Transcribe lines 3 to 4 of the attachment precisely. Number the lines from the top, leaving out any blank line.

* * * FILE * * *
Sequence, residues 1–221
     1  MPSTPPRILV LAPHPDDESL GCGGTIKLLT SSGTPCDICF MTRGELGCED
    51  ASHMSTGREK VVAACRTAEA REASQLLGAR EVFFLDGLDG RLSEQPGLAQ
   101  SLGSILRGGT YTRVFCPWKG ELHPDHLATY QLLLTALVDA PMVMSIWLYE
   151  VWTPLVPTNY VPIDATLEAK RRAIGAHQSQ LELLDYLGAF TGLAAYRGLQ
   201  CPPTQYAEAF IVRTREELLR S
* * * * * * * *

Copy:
    51  ASHMSTGREK VVAACRTAEA REASQLLGAR EVFFLDGLDG RLSEQPGLAQ
   101  SLGSILRGGT YTRVFCPWKG ELHPDHLATY QLLLTALVDA PMVMSIWLYE